They had been arriving since 16 January, despite the government declaring a state of emergency in the Departments of Lima, el Callao, and Puno y Cusco.
One of the main slogans of the protests in recent days, after the bloodbath in December, has been: “This democracy is no longer a democracy.”
The government had readied 12,000 police officers, many of them in riot gear. Soon they had broken the huge 19 January march in Lima into at least five large blocks.
At Abancay avenue, leading to the National Congress, a police barrier contained the crowd. But as the demonstrators attempted to push forward, the police started firing teargas canisters from armoured vehicles.
As well as Lima, there were also mass demonstrations on the same day in Ayacucho, Cusco, Puno, in several provinces to the north of the capital, etc. Dozens of road blockades covered the map of the country.
Then, on 21 January, hundreds of police officers used an armoured vehicle to ram the gates of the San Marcos University which the students had taken over to give delegations coming from the provinces a place to sleep. Nearly two hundred peasants, workers, and students were arrested and held overnight by the Criminal Investigation Police and the Counter Terrorism Unit.
The mass movement against the coup in Peru has reached that point that the ruling class fears across the globe: repression no longer works to cow the masses. There have already been over 50 people killed by police and the army, and yet the struggle endures.
Ruling class worried
The latest incidents of repression have only spurred the movement. Additional delegations, including many made up of students, decided to join the protesters in the capital for another massive demonstration on 24 January. In several towns, in response to the police opening fire on unarmed protestors, the crowd torched down police stations and judiciary buildings.
Behind the facade of strength and confidence shown by Boluarte, the ruling class is clearly worried. Opinion polls show overwhelming rejection of Boluarte and the Congress by the masses.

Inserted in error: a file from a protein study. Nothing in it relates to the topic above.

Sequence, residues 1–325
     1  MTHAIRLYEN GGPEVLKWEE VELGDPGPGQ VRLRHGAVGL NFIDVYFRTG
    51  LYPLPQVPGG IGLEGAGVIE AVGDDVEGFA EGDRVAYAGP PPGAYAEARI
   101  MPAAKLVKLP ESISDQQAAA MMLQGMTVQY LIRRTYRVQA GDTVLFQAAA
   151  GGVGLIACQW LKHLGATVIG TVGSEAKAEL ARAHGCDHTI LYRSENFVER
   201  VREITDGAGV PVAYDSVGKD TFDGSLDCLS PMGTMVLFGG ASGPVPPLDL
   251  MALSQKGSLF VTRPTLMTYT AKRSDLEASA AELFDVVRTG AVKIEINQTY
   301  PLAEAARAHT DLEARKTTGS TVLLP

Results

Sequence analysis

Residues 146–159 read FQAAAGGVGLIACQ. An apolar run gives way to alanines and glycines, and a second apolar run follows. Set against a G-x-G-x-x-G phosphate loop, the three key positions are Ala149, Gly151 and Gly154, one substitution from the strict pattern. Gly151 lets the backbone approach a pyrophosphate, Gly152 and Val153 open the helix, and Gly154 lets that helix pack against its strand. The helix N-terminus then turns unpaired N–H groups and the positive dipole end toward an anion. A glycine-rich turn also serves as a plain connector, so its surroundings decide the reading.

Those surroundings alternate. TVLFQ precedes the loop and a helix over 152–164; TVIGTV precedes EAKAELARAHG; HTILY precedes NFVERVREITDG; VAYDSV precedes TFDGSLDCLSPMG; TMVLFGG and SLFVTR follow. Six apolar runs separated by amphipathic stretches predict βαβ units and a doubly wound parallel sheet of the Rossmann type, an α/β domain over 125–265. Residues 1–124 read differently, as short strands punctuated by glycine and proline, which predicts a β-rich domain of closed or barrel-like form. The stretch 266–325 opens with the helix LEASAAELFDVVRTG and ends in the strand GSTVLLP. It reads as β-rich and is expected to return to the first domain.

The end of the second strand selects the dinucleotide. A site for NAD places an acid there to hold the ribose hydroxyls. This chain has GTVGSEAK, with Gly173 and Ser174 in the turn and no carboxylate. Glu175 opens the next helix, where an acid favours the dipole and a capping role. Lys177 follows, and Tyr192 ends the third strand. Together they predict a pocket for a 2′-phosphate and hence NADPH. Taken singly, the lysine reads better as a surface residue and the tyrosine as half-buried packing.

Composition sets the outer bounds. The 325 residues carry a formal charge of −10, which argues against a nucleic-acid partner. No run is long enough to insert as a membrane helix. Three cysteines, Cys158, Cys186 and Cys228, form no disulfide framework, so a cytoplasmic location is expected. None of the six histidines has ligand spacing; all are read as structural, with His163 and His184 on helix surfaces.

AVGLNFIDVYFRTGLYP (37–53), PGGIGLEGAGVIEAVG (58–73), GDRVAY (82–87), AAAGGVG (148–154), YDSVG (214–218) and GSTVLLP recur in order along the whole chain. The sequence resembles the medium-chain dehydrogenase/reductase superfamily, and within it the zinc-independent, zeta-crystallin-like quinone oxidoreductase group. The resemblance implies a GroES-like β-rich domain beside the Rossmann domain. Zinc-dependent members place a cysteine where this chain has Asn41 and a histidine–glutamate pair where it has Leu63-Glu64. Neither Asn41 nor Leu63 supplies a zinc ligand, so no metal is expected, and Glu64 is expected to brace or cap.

Some of the more astute ruling-class commentators are starting to wonder whether it would be a good idea for Boluarte to step aside in order to restore calm and deactivate the movement.
The problem they are facing is that, on the one hand, this would be a victory for the movement – and there is no guarantee that people would stop at that. On the other, they have no obvious replacement for her. They would need a figure that has a certain degree of popular support to replace her.
In fact, Boluarte, being Castillo’s own vice president, was the ‘best’ figure to front the coup from the point-of-view of the ruling class. That card has been used, and it has not worked.
Need for leadership
The resilience of the Peruvian masses is truly inspiring. They have risen up and they are prepared to go until the end. The masses of workers and peasants are determined and they have not been defeated.
However, there is the danger of a stalemate, which would tire the masses out. Boluarte is not prepared to resign and the movement is not prepared to retreat. Now is the time to seize the opportunity and move forward.
The movement needs a centralised, democratic leadership. There already exist coordination bodies and mass organisations at different levels – the CGTP trade unions, the National Peoples’ Assembly, the regional Peoples’ Defence Fronts, the national coordination of rondas campesinas, trade union bodies, peasant leagues, indigenous organisations.
These should all be brought together into a grand National Revolutionary Assembly of Workers and Peasants, made up of elected and recallable delegates, which would take the reigns of the country into their own hands and do away with all existing institutions.
The question of who rules the country has been posed. The working people of Peru must take the struggle to its conclusion, by taking power into their own hands and expropriating the capitalist oligarchy and the foreign multinationals.